Which would allow Nim to contest the crossing, the last thing I wanted. I clenched my fingers then unclenched them. There was a way. I didn’t like using it as a ploy, it felt disrespectful, but I’d do it anyway. The question was, then whether it was truly our way out. Sure, it’d get us out of Marshal Nim’s planned encirclement and on the other side of the lake if things went fine. What would we do once there, though? Taking a gamble to flee blindly was exactly the kind of mistake the Black Knight was waiting to capitalize on. She’d pushed her army hard, striking at us repeatedly over the same day and night, because she knew that our officer corps and general staff were of lesser quality than hers. We were, as an army, simply more prone to making mistakes when time grew short.
That was the difference training made.
The way I saw it, the point of crossing Nioqe Lake would be marching south afterwards. I’d been Juniper’s original plan to do as much, if from a significantly better position, and I still believed it was a sound notion. The problem now was Kala Fortress. It was a certainty the Loyalist Legions would move to cover it faster than we could get there – needing to fish out and rebuild our supply wagons ensured as much – so Nim was likely to entrench by the walls. That’d been true in the original iteration of the Hellhound’s plan as well, but our answer to that had simply been going around the Legions by marching further east before cutting south. That was no longer an option, because as I’d recently learned from our prisoner the Black Knight had ordered all the wells east of Kala Hills poisoned.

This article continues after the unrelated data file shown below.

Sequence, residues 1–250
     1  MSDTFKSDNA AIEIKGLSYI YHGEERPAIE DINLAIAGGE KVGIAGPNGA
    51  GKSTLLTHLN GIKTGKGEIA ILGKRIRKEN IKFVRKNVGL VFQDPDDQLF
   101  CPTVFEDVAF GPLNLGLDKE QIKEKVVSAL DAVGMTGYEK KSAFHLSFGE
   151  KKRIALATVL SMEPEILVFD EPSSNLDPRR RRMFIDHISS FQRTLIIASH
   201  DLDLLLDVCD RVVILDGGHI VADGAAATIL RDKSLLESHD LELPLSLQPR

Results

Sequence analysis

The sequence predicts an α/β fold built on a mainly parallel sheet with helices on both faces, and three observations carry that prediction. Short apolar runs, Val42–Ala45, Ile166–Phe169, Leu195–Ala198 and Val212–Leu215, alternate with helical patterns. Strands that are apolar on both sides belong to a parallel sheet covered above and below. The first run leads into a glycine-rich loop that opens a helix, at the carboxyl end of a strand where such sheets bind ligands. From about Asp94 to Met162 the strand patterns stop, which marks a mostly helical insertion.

I wasn’t sure how far that order would be applied in practice but given that Nim had light cavalry to spare I wouldn’t bet on it being a small slice of land. We could last maybe two weeks without refreshing our water supplies if we began rationing immediately and nothing went wrong, which made risking an eastern march rolling the dice. If we got lucky it might rain and be the drinkable kind of rain instead of the brimstone kind that burned – a legitimate worry in these parts, Aisha had informed me – but that was a large if. Especially when the mage cadres of the Loyalist Legions had shown they were capable of large-scale weather manipulation rituals. Even if rainstorms gathered, there was nothing to prevent the Legions from just dispersing them.
No, the reliable water was south and down the half-road. And there was a set of fortifications on top of that road: Kala Fortress. If we could take it before Nim got there, we’d be in a very defensible position and sitting over her supply line. We’d be putting her in a corner instead of the other way around. I could maybe sneak a small force to that keep before the Black Knight got there, I finally thought, but nowhere large enough to actually take a well-defended castle. Which meant I needed to figure out how to bust open that lock before we got started on this plan.